Seventy-five percent of whites feel close to their ethnic group or race: GSS respondents were asked: "How close do you feel to your ethnic or racial group?" The answer choices were "very close," "close," "not very close," and "not close at all." I calculated the percent who said "very close" or "close."
Percent who are close or very close to own ethnic/racial group (N = 1,893)
Puerto Rican 87.5
All Americans 78.5
All whites 75.5
I'm not the least bit surprised that non-whites and Jewish Americans overwhelmingly feel close to their ethnicity, but look at everyone else. Would you have expected over three-quarters of whites to say they feel close to their ethnic group or race? You might not be stunned to see Irish Americans feeling that way about the Irish, but Americans of English, Scottish or German descent feeling close to their race?
I say race because I've shown in a previous analysis that fewer than 5 percent in these groups consider their ethnicity important. As much as I admire England, I would answer the question for myself thinking about the white race. I completely agree with the pretty black girl in my class who said, in response to our discussion of ethnicity among whites, "I don't know anything about English or German or Italian--you're all just white to me."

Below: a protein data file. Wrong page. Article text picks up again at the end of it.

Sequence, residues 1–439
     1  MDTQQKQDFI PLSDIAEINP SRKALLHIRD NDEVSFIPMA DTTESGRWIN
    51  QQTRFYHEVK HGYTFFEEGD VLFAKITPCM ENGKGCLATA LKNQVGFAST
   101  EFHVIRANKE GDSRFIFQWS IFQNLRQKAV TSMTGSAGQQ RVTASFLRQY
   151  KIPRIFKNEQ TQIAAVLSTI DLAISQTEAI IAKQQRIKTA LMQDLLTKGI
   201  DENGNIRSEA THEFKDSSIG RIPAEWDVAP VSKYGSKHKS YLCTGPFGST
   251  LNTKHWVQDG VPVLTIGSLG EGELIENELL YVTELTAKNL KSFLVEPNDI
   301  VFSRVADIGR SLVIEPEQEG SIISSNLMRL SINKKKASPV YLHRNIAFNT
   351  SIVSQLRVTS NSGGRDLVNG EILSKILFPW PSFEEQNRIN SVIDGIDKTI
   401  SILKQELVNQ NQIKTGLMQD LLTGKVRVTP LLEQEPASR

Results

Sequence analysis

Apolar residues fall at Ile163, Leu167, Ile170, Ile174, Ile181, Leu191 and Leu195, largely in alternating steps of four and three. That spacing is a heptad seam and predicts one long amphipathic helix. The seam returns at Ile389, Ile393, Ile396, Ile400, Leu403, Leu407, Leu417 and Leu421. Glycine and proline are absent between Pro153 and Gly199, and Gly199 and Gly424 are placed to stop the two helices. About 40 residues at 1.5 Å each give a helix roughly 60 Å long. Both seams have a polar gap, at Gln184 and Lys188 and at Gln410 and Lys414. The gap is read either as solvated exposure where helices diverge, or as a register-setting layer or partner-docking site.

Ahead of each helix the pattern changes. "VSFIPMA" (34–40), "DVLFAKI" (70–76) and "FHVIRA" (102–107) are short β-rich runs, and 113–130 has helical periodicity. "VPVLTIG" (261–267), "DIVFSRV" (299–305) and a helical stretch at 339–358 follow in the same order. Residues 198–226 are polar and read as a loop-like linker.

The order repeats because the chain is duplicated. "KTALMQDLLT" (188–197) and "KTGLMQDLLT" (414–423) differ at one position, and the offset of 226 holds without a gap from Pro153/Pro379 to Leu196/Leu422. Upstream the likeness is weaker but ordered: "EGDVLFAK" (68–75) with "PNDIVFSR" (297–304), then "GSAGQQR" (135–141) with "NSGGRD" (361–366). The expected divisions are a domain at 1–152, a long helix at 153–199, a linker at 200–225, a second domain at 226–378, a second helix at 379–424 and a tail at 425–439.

Evidently, the wording of this question was just right in order to pull out a race-conscious response from whites. "Not very close" or "not close at all" sound like what you would say about an estranged relative. While whites are not race-loyal like blacks, most are not prepared to say they are estranged from their race.
I take this as evidence of the implicit whiteness that Kevin MacDonald talks about. The proper question can tease out an unconscious affection whites feel for their group. Affection by some whites might be ethnic, as in the case of many Jews, but for many it's racial. Only a small percentage think actively and deliberately in terms of race, but if asked to think about it, only SWPL-types feel they must reject their own group.